Fat deposits (lipohypertrophy) at insulin injection sites can occur with MDI or with a pump. A good rotation schedule in either case can reduce the chances. It's one of the reasons that the infusion site is recommended to be changed at least every 3 days.
Within one month of going on my first pump, I met John Walsh (author of "Pumping Insulin") in person at an International Diabetic Athletes Association meeting. At the time, I had so little body fat it was hard to find a place to insert the cannula. John took one look at me and informed me I would end up with fat pods at the insertion sites. I have viewed it as the price I had to pay, and I don't know if it happens to everyone (they may not be visible on those with more fat). So I completely get "not wanting to sign up too soon" but I would say it has been totally worth it to me to be on the pump. BTW, John Walsh also gave me some great advice and basically solved a basal rate pump problem I was having--the man is a genius when it comes to pumps!
I'm 6 weeks into being a type 1, my doses have been reduced nearly every week, humalog is now at 4 units in morning and lunch and 5 units at dinner, lantus has increased from 12 units to 16 units. I'm basically eating what i want within reason which is great. no idea how long this honeymoon will last but I'm making the most of it. going for my 1st endo visit in a week so will hopefully have a better understanding of whats going on
Thanks for responding! It's always a comfort to hear a 'real life' example that supports the 'science' doctors/books offer. Minus the pregnancies, my situation seems similar - I also need more basal than bolus and a year after diagnosis/starting insulin I use about 10 units a day (moderately low carb) with no observable progression out of the 'honeymoon' at this point.
Strictly from outside, I would say your pancras is doing a great job kicking but and only requires a small boost.
How did you come up with your ratios? Mine are still off since November 2012, my DX. I’ve counted TDD with 10 sums and it seems to be 1:21, but that according to 500 rule. Since I am honeymooning this is not an exact. I need to count TGA as well because protein and fat set me off. I don’t get this. So frustrating.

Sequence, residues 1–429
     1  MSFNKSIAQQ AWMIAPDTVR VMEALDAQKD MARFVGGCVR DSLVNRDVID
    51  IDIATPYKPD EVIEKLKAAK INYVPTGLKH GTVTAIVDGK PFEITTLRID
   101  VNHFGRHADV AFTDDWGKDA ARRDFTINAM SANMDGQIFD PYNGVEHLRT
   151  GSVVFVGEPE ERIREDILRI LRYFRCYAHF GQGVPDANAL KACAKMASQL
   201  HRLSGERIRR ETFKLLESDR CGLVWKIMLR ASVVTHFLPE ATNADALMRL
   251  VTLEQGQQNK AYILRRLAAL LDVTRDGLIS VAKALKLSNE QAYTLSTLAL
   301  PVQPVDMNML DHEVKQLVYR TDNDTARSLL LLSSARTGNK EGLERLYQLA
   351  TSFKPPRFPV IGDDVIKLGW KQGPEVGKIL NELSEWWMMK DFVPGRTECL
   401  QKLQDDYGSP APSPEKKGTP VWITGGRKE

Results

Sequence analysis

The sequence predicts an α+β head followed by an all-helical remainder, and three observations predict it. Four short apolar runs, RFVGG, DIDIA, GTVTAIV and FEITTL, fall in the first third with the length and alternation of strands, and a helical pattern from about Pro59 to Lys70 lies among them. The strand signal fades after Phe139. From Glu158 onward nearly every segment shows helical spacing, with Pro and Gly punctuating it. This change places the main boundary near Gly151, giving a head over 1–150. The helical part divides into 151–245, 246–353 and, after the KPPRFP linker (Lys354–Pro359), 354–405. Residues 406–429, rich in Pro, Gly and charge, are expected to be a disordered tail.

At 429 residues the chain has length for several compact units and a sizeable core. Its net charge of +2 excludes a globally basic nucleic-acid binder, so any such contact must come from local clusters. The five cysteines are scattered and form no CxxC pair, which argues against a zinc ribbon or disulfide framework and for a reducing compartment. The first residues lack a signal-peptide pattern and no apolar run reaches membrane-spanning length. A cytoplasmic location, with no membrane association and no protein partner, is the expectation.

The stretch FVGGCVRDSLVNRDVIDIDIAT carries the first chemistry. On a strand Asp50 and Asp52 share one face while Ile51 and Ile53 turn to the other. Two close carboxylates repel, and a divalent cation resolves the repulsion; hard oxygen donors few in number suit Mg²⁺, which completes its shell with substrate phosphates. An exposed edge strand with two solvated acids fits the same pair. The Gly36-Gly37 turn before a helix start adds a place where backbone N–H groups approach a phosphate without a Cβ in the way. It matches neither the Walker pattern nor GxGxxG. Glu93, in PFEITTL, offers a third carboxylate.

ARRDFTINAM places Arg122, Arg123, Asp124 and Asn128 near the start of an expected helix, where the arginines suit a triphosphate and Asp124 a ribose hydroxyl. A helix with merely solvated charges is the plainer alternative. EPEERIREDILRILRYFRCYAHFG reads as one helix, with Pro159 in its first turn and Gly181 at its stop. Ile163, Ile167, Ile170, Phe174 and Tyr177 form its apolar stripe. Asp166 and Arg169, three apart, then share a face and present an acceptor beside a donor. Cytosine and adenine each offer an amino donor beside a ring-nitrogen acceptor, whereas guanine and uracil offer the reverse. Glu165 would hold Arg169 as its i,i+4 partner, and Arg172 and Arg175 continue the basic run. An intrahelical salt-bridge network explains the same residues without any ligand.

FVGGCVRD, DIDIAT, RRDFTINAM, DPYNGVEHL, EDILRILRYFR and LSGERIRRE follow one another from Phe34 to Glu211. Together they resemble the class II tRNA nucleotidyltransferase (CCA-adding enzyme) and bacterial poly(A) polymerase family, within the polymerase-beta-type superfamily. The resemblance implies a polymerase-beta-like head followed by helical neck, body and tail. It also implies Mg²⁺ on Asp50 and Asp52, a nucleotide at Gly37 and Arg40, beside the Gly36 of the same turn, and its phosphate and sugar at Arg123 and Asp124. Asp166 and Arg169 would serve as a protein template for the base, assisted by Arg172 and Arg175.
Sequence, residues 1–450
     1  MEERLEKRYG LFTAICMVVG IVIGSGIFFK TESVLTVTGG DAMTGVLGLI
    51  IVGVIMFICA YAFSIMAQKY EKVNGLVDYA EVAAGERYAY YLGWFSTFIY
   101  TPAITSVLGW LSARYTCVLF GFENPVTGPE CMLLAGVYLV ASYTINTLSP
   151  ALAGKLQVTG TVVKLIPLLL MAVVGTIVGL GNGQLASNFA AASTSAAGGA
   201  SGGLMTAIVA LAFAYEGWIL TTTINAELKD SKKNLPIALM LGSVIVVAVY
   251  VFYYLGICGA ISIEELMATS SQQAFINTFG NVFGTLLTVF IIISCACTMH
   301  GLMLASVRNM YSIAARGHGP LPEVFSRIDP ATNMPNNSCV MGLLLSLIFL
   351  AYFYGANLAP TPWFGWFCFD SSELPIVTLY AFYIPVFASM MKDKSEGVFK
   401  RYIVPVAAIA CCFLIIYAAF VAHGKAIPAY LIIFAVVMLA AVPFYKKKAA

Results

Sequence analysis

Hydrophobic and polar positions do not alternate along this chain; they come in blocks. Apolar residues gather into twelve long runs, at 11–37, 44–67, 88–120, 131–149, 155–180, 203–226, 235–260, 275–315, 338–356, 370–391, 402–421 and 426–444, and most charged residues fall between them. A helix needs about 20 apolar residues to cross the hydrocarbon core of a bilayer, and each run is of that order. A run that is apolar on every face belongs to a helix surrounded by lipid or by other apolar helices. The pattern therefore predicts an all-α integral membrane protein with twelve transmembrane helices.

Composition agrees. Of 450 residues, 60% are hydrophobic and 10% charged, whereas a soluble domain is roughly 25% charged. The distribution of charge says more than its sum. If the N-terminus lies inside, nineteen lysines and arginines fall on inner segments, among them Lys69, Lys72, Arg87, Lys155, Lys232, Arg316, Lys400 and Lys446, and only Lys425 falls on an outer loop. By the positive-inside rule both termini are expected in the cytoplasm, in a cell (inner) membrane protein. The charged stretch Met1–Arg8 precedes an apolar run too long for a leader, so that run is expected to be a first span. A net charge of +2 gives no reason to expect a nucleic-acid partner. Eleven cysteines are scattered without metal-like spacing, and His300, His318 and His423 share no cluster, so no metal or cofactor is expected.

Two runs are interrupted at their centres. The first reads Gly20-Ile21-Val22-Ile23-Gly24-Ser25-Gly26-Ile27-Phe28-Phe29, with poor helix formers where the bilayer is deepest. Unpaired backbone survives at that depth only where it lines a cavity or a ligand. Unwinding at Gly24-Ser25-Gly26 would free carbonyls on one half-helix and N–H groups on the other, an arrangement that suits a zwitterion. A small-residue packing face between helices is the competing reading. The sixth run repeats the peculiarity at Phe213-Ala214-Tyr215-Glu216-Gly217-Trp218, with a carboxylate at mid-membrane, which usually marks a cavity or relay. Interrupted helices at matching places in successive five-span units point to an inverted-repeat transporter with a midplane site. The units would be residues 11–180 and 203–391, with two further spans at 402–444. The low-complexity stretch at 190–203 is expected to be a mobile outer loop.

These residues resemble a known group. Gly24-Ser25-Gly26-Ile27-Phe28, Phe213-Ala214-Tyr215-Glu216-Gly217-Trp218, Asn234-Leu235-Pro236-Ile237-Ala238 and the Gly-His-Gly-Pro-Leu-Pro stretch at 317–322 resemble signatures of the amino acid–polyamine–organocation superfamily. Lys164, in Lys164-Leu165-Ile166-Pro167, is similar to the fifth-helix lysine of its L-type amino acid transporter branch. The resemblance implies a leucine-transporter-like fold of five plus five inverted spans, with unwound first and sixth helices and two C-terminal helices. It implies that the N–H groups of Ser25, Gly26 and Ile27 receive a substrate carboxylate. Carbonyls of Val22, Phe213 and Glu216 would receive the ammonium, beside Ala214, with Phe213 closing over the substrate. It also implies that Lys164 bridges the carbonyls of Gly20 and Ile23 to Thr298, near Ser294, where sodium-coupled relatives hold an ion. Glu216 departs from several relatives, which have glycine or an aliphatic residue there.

Mine dosages are 4 at night Humulin NhP, 4 nhp +4 novorapid morning, 3-4 lunch and 4 novorapid at dinner. This what I came up with myself. Hospital sent me home with 12 8 8 8 based on the food they’ve served :-(. Next day I had many lows.
After 50 years, my total basal per day on the pump is7.95 and my IC ratio is 1/18. I average about 10-12 total units per day. Not much, but I maintain A1Cs of 5.1. Every body is different. When I was diagnosed, I took well over 100 units per day....different insulin and regimens. But stability and diabetes are not two words that go together in my experience.
Well when I was diagnosed (back in January of 2012) I wasn't even on insulin for the first five months...until I got a C-Peptide and a GAD antibodies test. Basically, within that time frame (or sooner) my pancreas was completely dead (no insulin no nothin). I was total T1 in a very short period. So my doctor put me on 15 units of Lantus per night and started me on a bolus regimen (I use pens so I just adjust my whole I:C ratio according to meals)...
Recently, I went down on my Basal (11 units now)due to my being very insulin sensitive and dropping too low in the night. Again, I'm not honey mooning at all.
So I guess it depends on the person and how you react to insulin. I'm a physically smaller fellow (I'm around 5'6 and 128 pounds) so injected insulin goes through me really fast.